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Greek fleet reduces in number of ships, increases in tonnage

Reflecting the trend towards renewing their fleets with larger vessels at the beginning of March the Greek-owned fleet of vessels over 1,000 gt was down on 12 months ago but up in terms of carrying capacity and gross tonnage.

Indeed, which ship number have been in decline since the boom in deliveries of newbuildings the carrying capacity is at its highest since the record of 2018 when the fleet reached 4,148 ships of 341.93m dwt. 

This revealed in statistical data assembled by the London-based Greek Shipping Cooperation Committee (GSCC) for the 33rd consecutive year. The data has been provided by IHS Markit.

According to the data, at March 2, Greek interests controlled 3,968 vessels of various categories, of 340.824m dwt and 199.694m gt.

This is a decline of 49 vessels, but an increase of 1.274m dwt and 1.53m gt. This includes the 158 vessels of various categories on order from shipyards, of a total 18.411m dwt and 13.012m gt.

Story continues below table

Greek fleet over the last 20 years 

                           Ships           dwt                    gt

Mar

2000   

3,584    

150,966,324    

90,227,491

Mar

2001

3,618

168,434,370

100,220,348

Mar

2002

3,480

164,613,935

98,195,100

May

2003

3,355

171,593,487

103,807,860

Mar

2004

3,370

180,140,898

108,929,135

Mar

2005

3,338

182,540,868

109,377,819

Mar

2006

3,397

190,058,534

113,603,803

Feb

2007

3699

218,229,552

129,765,470

Feb

2008

4,173

260,929,221

154,599,274

Feb

2009

4, 161

263,560,741

156,214,619

Feb

2010

3,996

258,121,898

152,616,046

Mar

2011

3,848

261,675,981

153,128,919

Mar

2012

3,760

264,054,167

155,904,976

Mar

2013

3,677

265,336,520

155,988,384

Mar

2014

3,901

290,847,132

170,984,684

Mar

2015

4,057

314,456,451

184,063,875

Feb

2016

4,092

320,597,574

188,904,194

Mar     

2017

4,085

328,763,767

192,430,519

Mar

2018

4,148

341,925,357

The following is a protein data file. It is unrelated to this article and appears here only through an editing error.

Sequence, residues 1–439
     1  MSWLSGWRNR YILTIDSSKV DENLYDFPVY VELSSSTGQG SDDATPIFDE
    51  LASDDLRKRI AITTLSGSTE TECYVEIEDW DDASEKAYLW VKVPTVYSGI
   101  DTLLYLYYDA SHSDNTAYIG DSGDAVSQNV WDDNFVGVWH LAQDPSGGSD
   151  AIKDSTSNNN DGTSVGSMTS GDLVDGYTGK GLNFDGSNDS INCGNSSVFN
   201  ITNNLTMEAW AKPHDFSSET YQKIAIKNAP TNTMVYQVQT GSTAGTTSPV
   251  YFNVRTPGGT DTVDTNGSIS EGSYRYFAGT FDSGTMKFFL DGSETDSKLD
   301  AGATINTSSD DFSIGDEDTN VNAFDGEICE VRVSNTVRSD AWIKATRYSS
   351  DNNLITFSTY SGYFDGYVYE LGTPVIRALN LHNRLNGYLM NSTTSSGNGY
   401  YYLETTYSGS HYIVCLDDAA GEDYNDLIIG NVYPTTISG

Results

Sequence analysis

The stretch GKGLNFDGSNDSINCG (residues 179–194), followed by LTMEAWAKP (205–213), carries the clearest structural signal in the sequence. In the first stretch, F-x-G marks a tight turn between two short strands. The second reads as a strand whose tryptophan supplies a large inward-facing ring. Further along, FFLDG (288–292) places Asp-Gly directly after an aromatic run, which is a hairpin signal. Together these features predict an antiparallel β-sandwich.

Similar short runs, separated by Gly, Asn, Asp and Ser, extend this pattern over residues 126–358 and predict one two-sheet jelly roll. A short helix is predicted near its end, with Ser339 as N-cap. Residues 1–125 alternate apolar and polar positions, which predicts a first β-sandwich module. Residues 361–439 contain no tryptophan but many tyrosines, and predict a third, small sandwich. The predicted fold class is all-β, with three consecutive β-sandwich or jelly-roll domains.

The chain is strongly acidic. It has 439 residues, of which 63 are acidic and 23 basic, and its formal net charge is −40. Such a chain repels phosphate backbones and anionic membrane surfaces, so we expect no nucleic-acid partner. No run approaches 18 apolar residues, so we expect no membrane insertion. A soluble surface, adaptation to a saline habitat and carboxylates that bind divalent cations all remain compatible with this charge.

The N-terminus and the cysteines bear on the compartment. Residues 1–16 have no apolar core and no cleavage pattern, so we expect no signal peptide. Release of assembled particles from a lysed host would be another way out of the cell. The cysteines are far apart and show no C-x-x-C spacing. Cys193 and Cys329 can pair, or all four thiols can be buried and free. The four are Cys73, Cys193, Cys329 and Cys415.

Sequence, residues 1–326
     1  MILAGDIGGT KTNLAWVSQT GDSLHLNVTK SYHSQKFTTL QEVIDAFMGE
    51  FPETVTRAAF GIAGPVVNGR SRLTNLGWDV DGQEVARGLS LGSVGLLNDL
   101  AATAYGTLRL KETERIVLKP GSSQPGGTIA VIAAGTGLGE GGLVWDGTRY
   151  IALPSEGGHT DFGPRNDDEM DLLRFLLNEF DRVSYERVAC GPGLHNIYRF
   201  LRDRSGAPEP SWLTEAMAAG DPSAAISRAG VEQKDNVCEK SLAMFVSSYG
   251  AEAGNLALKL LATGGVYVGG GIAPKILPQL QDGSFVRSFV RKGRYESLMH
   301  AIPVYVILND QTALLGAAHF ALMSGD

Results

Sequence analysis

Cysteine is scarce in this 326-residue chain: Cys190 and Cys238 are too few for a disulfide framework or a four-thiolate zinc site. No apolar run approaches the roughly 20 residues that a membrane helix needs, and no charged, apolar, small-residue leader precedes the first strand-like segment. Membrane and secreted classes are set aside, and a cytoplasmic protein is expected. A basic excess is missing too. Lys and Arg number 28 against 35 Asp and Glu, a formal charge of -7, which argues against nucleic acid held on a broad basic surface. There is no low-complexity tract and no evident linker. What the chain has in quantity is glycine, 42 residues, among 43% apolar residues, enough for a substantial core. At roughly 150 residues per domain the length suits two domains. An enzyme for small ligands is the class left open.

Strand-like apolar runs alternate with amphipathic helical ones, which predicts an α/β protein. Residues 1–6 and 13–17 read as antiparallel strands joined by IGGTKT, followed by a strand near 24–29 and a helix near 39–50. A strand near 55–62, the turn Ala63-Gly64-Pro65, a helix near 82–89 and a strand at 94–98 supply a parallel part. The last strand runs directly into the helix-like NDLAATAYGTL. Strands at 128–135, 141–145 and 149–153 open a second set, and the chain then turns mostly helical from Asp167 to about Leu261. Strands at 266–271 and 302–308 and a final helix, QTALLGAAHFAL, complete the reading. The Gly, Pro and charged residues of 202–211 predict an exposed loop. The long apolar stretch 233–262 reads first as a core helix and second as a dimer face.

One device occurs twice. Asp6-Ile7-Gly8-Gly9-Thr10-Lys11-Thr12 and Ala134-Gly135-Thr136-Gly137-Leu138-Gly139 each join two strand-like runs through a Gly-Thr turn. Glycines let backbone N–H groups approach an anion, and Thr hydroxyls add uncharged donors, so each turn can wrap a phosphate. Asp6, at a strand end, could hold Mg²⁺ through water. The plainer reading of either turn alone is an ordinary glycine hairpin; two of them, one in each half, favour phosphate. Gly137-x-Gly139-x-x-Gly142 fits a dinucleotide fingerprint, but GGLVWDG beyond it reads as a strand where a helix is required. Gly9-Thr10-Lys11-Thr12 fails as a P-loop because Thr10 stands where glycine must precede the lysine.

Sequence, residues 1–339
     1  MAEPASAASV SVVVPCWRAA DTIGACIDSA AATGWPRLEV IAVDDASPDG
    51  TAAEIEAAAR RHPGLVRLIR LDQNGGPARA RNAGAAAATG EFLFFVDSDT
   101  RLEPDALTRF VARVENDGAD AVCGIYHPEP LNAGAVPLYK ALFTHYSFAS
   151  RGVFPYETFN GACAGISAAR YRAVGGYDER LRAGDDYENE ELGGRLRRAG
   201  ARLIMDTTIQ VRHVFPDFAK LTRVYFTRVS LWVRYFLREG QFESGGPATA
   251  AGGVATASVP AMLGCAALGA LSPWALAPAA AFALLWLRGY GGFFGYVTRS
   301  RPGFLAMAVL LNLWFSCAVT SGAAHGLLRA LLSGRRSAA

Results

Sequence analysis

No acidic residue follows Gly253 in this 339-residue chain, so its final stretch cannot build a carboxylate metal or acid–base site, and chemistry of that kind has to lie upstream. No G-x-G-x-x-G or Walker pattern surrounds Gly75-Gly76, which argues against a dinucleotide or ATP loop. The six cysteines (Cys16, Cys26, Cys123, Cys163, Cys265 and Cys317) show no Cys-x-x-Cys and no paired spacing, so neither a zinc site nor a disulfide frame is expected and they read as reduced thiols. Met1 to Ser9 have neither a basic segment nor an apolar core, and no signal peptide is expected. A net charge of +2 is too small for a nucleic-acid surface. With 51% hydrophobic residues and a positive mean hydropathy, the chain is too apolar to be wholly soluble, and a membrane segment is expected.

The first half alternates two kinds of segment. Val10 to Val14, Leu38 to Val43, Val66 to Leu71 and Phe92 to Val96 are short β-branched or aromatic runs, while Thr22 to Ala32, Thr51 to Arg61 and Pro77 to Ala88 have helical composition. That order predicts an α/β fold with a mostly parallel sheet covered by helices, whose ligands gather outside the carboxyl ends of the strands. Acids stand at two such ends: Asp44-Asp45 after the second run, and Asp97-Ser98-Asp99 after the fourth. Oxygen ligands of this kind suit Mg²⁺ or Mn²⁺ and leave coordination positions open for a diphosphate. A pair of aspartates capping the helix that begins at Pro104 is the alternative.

199,286,013

Mar

2019

4,017

339,549,357

198,164,080

Mar

2020

3,968

340,823,637

199,693,859

The fleet is trading under 32 flags, one fewer than in March 2019 led by Liberia and the Marshall Islands, both of which have grown over the past 12 months, while the Greek-flagged fleet has declined in terms of ship numbers, dwt and gt. The home flag fleet now comprises 636 ships, of 65.64m dwt and 38.8m gt.

Liberia and Marshall Island flags are at the forefront of the Greek-owned fleet with 866 and 850 ships, respectively, and  Liberia is at 77.323m dwt, representing 22.7%of the total Greek dwt and Marshall Islands is at 69.344m dwt, representing 20.3% of the total dwt. Malta comes next with 673 ships of 62.1m dwt.

Further, the Greek flag is no longer the largest in terms of dwt, as it represents 19.3% of the total. Panama comes next with 375 ships of 22.2m dwt, Cyprus, 226 ships of 17m dwt and the Bahamas with 203 ships of 18.24m dwt. Over the past 12 months, Cyprus lost 22 Greek-owned ships of 2m dwt.

The current orderbook for Greeks comprises 61 oil tankers, 11 chemical and products tankers, 45 liquefied gas tankers, 27 ore and bulk carriers, 11 container ships and three other cargo ships on order.

Overall, the Greek-owned fleet, stands at 7% of the world fleet in terms of ship numbers, 13.2% in terms of gt and 15.6% in terms of dwt. It’s notable that Greek parent companies represent 26.6% of the world tanker fleet and 14.7% of the ore and bulk fleet.

The GSCC notes that due to the unstable market conditions and new regulatory requirements, slight increases and decreases were noted in most of the categories of the Greek owned fleet. “In particular, many categories recorded an increase in det and a slight decrease in number of ships, reflecting a preference by Greek shipowners for larger vessels,” said the GSCC.

Containerships are an exception, presenting a slight increase both in dwt and number of ships in relation to the corresponding world fleet type for the year 2019.

Average age of the Greek-controlled fleet in terms of ships increased slightly compared to the previous year, but continues to be 2.4 years below the average age of the world fleet. The average age of the Greek fleet in terms of ships now stands at 11.7 years as against 14.1 years for the world fleet. In terms of gt and dwt, it is 9.9 and 9.8 years respectively, as against 10.1 and 9.8 of the world fleet.

The average age of the existing Greek-flag fleet recorded a slight increase, in terms of ship numbers, gt and dwt, standing at 13.7, 9.9 and 9.7 years respectively as against 13.4, 9.7 and 9.6 years end-February 2019.

The bulk of the Greek fleet is classed with six societies: Lloyd’s Register: 794 ships (809 ships in 2019), ABS: 759 ships (781),  ClassNK: 690 ships (709), BV: 685 ships (679 ), DNV GL: 615 ships (599) and RINA: 193 ships (215 ships in 2019).

It should be noted however, that although LR ranks first in terms of vessels, ABS comes first in terms of dwt and gt.

When it come to the Greek-flag fleet, the breakdown is: ABS: 190 ships (185 ships in 2019), Lloyd’s Register: 141 ships (164),  DNV GL: 99 ships (108), RINA: 77 ships (77), BV: 62 ships (64), CCS: 19 ships (17) and ClassNK: 14 ships (17 ships in 2019).

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